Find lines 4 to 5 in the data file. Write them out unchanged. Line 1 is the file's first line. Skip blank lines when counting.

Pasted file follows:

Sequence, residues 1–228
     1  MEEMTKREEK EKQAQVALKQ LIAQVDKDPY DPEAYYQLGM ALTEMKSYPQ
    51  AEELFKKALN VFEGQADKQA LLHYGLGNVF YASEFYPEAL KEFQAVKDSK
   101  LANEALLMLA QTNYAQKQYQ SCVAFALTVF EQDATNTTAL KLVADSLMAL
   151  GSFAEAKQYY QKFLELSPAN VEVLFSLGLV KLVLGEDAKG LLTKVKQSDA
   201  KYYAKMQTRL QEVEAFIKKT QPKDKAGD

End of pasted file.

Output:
   101  LANEALLMLA QTNYAQKQYQ SCVAFALTVF EQDATNTTAL KLVADSLMAL
   151  GSFAEAKQYY QKFLELSPAN VEVLFSLGLV KLVLGEDAKG LLTKVKQSDA